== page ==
The effect of monosaccharides was evaluated in two studies of colorectal cancer. In a case-control study conducted in Marseilles (Macquart-Moulin et al., 1986), there appeared to be no evidence of increasing risk with increasing consumption of monosaccharides. However, in another case-control study conducted in Belgium (Tuyns et al., 1987), with essentially the same dietary survey technique, increasing monosaccharide and disaccharide intake was related to increasing risk of both colon and rectal cancer. The relative risks for the highest compared to the lowest consumption level was 1.7 for colon cancer and 2.4 for rectal cancer.

Animal Studies

In an extensive survey of the literature, the National Research Council's Committee on Diet, Nutrition, and Cancer (NRC, 1982) found relatively few animal studies dealing with the effects of dietary carbohydrates on carcinogenesis, and those studies provided little evidence of significant effects. Two research groups investigated the effects of diets containing different starches and sugars on mammary tumors induced by 7,12-dimethylbenz(a)anthracene (Hoehn and Carroll, 1978; Klurfeld et al., 1984). The results provided some evidence that rats fed sucrose or dextrose developed tumors more readily than those fed lactose or starch. Gridley et al. (1983) found that mice had a much higher incidence of spontaneous mammary tumors when fed a diet containing sucrose than when given a diet with dextrin.

Two other studies focused on the effects of dietary carbohydrates on liver carcinogenesis. Hei and Sudilovsky (1985) used diethylnitrosamine to induce hepatocarcinogenesis and found more γ-glutamyltranspeptide-positive foci in rats fed a sucrose-containing diet compared to those on a diet containing glucose. In other experiments on liver carcinogenesis induced by 3'-methylaminoazobenzene in rats fed liquid or powdered diets, Sato et al. (1984) found that tumorigenesis was enhanced by reducing sugar intake.

Other Disorders


Several reports examined the effects on human behavior of reactive or postprandial hypoglycemia, which is defined by decreased blood glucose after eating coupled with a characteristic group of clinical symptoms. Hypoglycemia in children has been alleged to be associated with hyperkinesis, attention-deficit disorders, juvenile delinquency, and criminality (Harper and Gans, 1986; Kruesi and Rapoport, 1986; Milich, 1986). Furthermore, hypoglycemia has been specifically associated with the ingestion of sucrose. A review by Harper and Gans (1986) points to a lack of scientific experimentation or support of claims in this area.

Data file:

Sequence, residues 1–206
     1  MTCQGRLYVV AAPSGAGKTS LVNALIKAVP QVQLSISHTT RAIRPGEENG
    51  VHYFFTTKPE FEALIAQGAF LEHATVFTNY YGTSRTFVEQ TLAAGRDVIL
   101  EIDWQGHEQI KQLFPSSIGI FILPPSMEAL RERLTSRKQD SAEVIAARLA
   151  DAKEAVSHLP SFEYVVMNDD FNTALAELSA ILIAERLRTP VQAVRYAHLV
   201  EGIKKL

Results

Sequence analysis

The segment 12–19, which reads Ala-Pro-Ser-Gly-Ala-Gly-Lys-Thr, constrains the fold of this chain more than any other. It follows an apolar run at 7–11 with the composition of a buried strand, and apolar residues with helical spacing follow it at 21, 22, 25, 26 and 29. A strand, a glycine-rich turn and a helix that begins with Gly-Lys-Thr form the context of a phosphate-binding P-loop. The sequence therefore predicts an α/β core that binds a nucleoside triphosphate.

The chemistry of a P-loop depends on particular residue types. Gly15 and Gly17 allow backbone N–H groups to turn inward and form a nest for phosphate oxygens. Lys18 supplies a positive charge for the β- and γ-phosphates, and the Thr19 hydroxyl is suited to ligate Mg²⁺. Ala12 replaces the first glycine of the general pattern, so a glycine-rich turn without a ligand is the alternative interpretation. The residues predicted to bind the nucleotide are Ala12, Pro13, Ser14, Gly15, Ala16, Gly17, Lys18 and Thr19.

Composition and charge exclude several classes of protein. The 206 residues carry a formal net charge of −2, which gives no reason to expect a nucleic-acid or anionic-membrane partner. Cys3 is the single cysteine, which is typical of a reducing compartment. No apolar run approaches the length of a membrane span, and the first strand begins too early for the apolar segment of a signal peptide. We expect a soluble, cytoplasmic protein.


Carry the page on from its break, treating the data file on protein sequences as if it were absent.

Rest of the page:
There have been suggestions that dietary components, particularly sugars, cause changes in the behavior of children and adults. Some reports (e.g., Prinz et al., 1980) have linked sugar consumption to hyperactivity in children (hyperkinesis). This has some biologic plausibility, since experimental evidence in animals indicates that sugars as well as other dietary components may affect the level of brain neurotransmitters. Sugar consumption by humans, however, results in increased levels of serotonin (Crane and Ladene, 1983; Fernstrom and Wurtman, 1971), which should reduce activity levels.

Studies to determine whether there is a relationship between blood glucose levels and behavioral change failed to find any correlation (Behar et al., 1984; Brody and Wolinsky, 1983). The subjects of these studies included normal children as well as hyperactive children who, according to their parents, had behavioral deterioration following intake of sugars. Glucose and fructose were compared to a placebo (saccharin) by using standard tests for memory and attention as the dependent variables. There was no evidence for behavioral excitation and some weak evidence for a calming effect of sugars. These studies cast doubt on the hypothesized clinical significance of sugar intake in the etiology of behavioral disturbances (Prinz et al., 1980). A similar experimental design was used in a study by Wolraich et al. (1985) to test the effects of sucrose and aspartame on behavioral and cognitive parameters in 16 hyperactive boys. No differences were observed. Based on a review of the literature, several investigators (e.g., Kruesi and Rapoport, 1986; Milich, 1986) have concluded that there is no scientific basis for a relationship between sugar consumption and hyperactivity or other behavioral changes in children.


Some people claim that juvenile delinquency as well as aggressive, antisocial, and even criminal behavior can result from reactive or postprandial hypoglycemia following the ingestion of sucrose and other carbohydrates (Gray, 1987; Harper and Gans, 1986; Schauss, 1980). Schoenthaler (1982) contends that a high proportion (up to 90%) of prison inmates are hypoglycemic and attributes that to a particularly high consumption of refined sugar. Studies undertaken to support this contention are characterized by inadequate diagnosis of hypoglycemia and lack of valid control groups (Gray, 1987). Another set of studies of violent adult male habitual offenders in Finland failed to support a relationship between violent behavior and hypoglycemia (Virkunen, 1982; Virkunen and Huttunen, 1982). Thus, the claims that high sugar intake can cause aggressive, antisocial behavior are based largely on conclusions drawn from anecdotal evidence and inadequately designed studies (Gray, 1987; Harper and Gans, 1986).